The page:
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29 January 2019 | Story Xolisa Mnukwa | Photo Anja Aucamp
Prof Francis Petersen speech
“We can create an institution that operates and lives in the times of embracing and celebrating diversity, inclusivity, and academic excellence by ensuring that students own their time at university,” said Prof Francis Petersen.

25 January 2019 marked the official welcoming of the University of the Free State’s (UFS) first-year students, as they moved into their respective residences and were warmly welcomed on the UFS Bloemfontein Campus. This day also marked the start of the registration process for first-year students.

According to first-year Psychology student Keisha Claasen, who moved into her residence earlier on 25 January, her first experience of the UFS was daunting but exciting, as she had never been in a similar environment. According to Given Gwerera, who dropped his son off at the Karee residence earlier the day, “the UFS is an institution with great culture and an overall good academic record.” He further explained that he trusts his son to make full use of the opportunities presented to him, as he has a cool head on his shoulders.

On the evening of 25 January, an eager group of millennials, joined by their parents, took the first sip from their cup of varsity life as they assembled on the Red Square of the Bloemfontein Campus to meet the Rector and Vice-Chancellor, Prof Francis Petersen, members of Rectorate, the deans of all faculties, and the Student Representative Council (SRC) of the UFS.

“2019 will be a year of continued change; the UFS is thrilled about the prospect of bringing about opportunities for adaptation and realignment to the future,” said Prof Francis Petersen.

He further explained that the university prides itself in moulding its students into well-rounded individuals who will develop into globally competitive graduates as required in a diversity of landscapes. Prof Petersen urged first-years to remain open to the technological developments that go with globalisation, because of its permanent effects on society today.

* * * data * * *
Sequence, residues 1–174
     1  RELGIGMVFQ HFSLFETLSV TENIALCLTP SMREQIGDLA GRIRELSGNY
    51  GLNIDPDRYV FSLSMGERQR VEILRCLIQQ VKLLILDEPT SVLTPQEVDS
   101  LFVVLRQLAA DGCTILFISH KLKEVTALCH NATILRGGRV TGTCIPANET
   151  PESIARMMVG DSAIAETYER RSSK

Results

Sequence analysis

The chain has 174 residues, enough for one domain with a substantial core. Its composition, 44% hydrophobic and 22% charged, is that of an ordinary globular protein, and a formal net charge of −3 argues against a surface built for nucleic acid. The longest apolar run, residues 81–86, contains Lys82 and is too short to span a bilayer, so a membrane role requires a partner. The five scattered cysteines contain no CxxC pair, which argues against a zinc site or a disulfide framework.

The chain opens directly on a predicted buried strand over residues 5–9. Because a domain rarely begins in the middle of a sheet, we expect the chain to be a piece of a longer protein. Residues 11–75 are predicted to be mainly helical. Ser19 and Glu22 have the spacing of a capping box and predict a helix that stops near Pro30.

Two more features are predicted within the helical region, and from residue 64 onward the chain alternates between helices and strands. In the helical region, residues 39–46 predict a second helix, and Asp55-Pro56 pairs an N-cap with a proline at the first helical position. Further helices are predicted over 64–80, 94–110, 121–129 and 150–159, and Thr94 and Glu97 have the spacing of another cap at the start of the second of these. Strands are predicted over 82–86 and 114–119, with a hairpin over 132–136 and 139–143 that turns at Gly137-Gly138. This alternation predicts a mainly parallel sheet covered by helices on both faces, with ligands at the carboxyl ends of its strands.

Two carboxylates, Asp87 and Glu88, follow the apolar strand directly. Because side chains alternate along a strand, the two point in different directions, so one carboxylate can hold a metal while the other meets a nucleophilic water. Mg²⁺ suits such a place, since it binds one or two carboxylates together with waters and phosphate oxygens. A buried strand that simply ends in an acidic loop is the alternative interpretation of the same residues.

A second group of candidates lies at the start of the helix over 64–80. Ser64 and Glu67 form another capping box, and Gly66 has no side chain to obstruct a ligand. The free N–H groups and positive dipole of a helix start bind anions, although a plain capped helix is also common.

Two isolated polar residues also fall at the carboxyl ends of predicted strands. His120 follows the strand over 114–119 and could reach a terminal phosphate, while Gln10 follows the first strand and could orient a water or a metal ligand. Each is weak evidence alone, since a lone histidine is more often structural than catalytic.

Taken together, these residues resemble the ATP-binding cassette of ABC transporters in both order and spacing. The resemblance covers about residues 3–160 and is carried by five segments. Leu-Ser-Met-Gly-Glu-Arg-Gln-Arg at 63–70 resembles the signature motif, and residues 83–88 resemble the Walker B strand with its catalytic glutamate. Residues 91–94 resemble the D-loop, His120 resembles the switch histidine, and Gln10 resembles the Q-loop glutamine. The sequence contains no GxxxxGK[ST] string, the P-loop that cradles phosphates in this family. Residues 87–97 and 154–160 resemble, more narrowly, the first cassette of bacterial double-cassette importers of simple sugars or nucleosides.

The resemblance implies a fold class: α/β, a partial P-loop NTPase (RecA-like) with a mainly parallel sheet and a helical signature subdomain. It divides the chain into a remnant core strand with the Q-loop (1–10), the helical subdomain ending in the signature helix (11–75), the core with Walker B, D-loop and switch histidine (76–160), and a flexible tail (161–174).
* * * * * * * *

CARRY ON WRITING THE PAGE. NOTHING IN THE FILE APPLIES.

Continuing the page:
First-years were further advised to take advantage of the rich pool of academic research and knowledge that is characteristic of the university and is piloted by UFS scholars, by engaging with and learning from them.

The inspiring night concluded on a colourful note, as the audience enjoyed an artistic laser show in front of the Main Building. Caption:

“UFS academics conduct research that forces the world to take note,” said Prof Francis Petersen at the official first-year welcoming ceremony on the UFS Bloemfontein Campus.

News Archive

Laptop in, paper out
2013-07-31

 

Prof Pieter Nel gives advice to students.
Photo: Johan Roux
31 July 2013

The first major steps to a paperless lecture environment for the School of Medicine were taken in July 2013 with the presentation of laptops to all first-year- medical students.

The aim is to have the entire undergraduate medical programme computer-driven within a few years and to get rid of paper in the classroom.

Prof Pieter Nel, Programme Director: Health Sciences at the school in the Faculty of Health Sciences, said, “As far as we know, this action is the first of its kind in any medical school in South Africa whereby an entire class are supplied with computers for this purpose. We also have no knowledge of anything similar in any programme within any other faculty at any university in South Africa.”

All first-year medical students received laptops. The UFS is facilitating the process to provide students with computer access via their own laptops. “The reason for this is that the undergraduate health-sciences programme will be totally computerised from now on. Students will therefore utilise their laptops in all their contact sessions.”

The entire building where teaching takes place is equipped with Wi-Fi. The students buy the laptops at a much lower cost than the commercial price.

Prof Nel said the printing costs of study material during a student’s undergraduate study years can amount to as much as R5 000.

In future, first-year students will receive laptops, computerising the entire undergraduate health-sciences programme within a few years, Prof Nel said.

During the presentation of the first laptops, Prof Gert van Zyl, Dean of the Faculty of Health Sciences, referred to this action as a big step forward in modernising the undergraduate training of medical students in the faculty.

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